Graded Study of the Two Truths in the Indian Tenet Systems

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Origin of the Tenet Systems

Indian Buddhism, as transmitted to Tibet, had four main schools of philosophical tenets (grub-mtha’). According to tradition, Buddha is the source of them all. Various Indian masters wrote the major treatises presenting the views of the four.

[See: Indian Sources for Studying the Four Tenet Systems.]

Two of the tenet systems are Hinayana (theg-dman) – Vaibhashika (bye-brag smra-ba) and Sautrantaka (mdo-sde-pa) – and two are Mahayana (theg-chen) – Chittamatra (sems-tsam-pa) and Madhyamaka (dbu-ma-pa). Each has several subdivisions. Let us speak here of only the four in general.

Within the eighteen Hinayana schools, the Vaibhashika and Sautrantika belong to Sarvastivada (thams-cad yod-par smra-ba), a Sanskrit tradition, different from the Pali Theravada tradition (gnas-brtan smra-ba). The Tibetan lineage of monastic vows comes from another of its sub-schools, Mulasarvastivada (gzhi thams-cad yod-par smra-ba).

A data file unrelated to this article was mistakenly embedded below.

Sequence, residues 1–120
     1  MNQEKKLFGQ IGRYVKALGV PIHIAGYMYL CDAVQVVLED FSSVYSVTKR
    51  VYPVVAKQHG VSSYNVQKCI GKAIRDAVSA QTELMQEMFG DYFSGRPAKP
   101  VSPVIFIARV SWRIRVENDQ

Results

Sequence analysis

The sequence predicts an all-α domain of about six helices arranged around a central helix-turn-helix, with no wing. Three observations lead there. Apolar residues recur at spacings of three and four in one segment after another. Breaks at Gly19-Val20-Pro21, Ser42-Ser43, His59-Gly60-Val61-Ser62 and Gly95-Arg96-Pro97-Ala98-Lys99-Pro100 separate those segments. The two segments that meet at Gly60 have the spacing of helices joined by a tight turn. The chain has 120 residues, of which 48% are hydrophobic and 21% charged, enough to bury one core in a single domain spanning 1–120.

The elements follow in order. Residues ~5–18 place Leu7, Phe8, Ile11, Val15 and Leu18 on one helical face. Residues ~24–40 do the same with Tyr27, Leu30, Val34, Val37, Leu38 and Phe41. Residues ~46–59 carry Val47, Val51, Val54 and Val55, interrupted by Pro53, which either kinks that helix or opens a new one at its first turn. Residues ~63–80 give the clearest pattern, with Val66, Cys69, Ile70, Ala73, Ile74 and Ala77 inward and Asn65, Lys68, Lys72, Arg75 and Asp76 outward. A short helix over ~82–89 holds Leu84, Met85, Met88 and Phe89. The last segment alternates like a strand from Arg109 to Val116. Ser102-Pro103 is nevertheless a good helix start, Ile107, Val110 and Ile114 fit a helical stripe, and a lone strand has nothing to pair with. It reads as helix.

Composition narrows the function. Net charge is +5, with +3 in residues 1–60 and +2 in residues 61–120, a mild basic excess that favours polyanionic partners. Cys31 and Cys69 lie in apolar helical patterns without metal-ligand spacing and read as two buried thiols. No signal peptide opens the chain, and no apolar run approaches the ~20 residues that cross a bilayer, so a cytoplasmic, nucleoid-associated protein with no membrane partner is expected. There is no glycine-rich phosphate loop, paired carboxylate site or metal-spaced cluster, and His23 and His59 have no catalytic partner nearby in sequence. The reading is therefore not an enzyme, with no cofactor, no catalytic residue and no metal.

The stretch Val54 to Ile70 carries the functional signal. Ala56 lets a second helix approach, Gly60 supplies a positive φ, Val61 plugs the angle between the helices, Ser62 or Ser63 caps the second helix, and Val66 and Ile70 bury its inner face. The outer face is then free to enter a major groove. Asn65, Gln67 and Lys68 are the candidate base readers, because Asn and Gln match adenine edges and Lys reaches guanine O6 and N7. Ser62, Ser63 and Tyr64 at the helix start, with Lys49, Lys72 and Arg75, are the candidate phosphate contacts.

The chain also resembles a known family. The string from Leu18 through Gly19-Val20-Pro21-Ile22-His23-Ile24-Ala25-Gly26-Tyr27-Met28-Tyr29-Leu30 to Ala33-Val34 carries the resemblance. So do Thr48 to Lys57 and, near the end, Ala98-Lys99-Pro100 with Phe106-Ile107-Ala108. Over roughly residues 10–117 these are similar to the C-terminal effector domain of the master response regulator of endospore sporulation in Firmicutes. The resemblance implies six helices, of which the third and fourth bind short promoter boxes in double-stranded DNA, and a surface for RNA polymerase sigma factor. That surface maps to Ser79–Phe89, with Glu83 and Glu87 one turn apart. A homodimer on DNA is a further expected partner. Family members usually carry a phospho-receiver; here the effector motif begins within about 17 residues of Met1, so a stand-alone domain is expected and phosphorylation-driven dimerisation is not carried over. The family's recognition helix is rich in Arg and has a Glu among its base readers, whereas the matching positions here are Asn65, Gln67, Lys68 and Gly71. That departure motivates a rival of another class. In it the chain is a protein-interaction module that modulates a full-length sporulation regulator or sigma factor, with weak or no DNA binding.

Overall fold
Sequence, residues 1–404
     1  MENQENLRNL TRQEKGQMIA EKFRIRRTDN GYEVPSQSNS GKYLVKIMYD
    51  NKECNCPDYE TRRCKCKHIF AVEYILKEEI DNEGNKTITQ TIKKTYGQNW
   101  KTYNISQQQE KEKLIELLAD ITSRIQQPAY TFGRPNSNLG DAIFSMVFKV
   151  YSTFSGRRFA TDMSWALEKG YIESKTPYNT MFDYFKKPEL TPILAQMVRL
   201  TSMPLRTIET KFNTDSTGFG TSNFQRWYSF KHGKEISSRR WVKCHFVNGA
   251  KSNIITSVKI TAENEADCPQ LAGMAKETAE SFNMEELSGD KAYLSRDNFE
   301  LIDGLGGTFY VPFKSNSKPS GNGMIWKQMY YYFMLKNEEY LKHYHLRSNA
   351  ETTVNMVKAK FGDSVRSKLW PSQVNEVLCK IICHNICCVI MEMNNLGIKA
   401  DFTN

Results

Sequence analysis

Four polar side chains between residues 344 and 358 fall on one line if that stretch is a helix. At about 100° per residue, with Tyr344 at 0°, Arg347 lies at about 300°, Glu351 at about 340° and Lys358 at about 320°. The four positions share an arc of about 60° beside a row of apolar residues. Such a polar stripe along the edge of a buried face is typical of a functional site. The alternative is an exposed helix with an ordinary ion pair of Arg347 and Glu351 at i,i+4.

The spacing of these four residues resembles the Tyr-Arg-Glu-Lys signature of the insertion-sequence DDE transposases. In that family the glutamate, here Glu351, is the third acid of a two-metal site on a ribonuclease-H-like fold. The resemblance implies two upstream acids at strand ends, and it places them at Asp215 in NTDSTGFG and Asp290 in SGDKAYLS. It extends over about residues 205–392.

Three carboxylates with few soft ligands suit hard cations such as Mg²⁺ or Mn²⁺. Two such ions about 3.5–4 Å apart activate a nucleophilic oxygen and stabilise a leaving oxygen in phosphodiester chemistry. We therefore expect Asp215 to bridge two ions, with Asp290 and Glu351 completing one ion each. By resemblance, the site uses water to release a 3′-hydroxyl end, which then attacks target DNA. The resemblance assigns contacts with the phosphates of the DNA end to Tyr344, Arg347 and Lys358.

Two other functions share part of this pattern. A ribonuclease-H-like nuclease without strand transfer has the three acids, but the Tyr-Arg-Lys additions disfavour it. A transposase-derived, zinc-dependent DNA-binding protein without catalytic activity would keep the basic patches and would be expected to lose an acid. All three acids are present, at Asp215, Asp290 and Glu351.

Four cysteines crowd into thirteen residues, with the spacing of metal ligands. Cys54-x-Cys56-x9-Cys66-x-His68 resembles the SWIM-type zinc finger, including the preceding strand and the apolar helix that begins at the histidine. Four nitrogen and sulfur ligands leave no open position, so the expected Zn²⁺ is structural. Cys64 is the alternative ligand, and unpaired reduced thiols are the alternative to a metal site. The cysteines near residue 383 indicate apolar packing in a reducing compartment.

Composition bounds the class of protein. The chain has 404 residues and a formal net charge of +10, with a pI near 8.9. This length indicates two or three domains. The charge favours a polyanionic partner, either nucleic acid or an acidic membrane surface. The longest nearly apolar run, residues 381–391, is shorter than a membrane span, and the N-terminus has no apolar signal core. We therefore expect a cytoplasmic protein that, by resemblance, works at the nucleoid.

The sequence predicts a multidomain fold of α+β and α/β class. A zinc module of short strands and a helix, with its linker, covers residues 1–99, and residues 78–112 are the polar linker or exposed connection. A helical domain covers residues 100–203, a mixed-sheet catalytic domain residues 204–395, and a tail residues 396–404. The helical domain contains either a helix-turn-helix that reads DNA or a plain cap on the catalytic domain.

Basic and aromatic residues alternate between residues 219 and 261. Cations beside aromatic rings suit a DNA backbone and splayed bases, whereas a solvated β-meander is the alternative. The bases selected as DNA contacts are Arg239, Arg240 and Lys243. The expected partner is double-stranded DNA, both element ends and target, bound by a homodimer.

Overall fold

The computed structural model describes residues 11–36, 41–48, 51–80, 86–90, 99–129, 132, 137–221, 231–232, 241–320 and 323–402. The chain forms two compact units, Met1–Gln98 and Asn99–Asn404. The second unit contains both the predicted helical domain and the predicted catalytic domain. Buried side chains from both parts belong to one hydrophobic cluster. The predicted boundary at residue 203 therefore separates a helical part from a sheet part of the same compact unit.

It is unclear which of the four schools actually existed as separate traditions in India with these names. Perhaps some did and were studied in separate monasteries where the main authors lived and taught, since the Chinese founded individual traditions based on Chittamatra and Madhyamaka. Probably in later times in India, at monastic universities like Nalanda, all were studied, as in Tibet.

Different Tibetan masters wrote commentaries on the major Indian texts and thus the different Tibetan lineages explain the tenet systems (grub-mtha’) of the four schools differently. Even within one Tibetan lineage, several authors have explained the tenet systems differently. Here, we shall present the Gelug version and, within Gelug, we shall rely primarily on the explanations that accord with the Jetsunpa textbook tradition (rJe-btsun yig-cha) of Jetsun Chokyi Gyaltsen (rJe-btsun Chos-kyi rgyal-mtshan), followed by Sera Je (Se-ra Byes) and Ganden Jangtse (dGa’-ldan Byang-rtse) Monasteries. Occasionally, we shall indicate some of the variant views from the Panchen textbook tradition (Pan-chen yig-cha) of Panchen Sonam Dragpa (Pan-chen bSod-nams grags-pa), followed by Drepung Loseling (‘Bras-dpungs Blo-gsal gling) and Ganden Shartse (dGa’-ldan Shar-rtse) Monasteries.

Occasionally, we shall also indicate some of the major variants found in the non-Gelug Tibetan lineages. To represent the position of these lineages, we shall rely primarily on the explanations given by the Sakya master Gorampa (Go-ram bSod-nams seng-ge).

Study of the Two Truths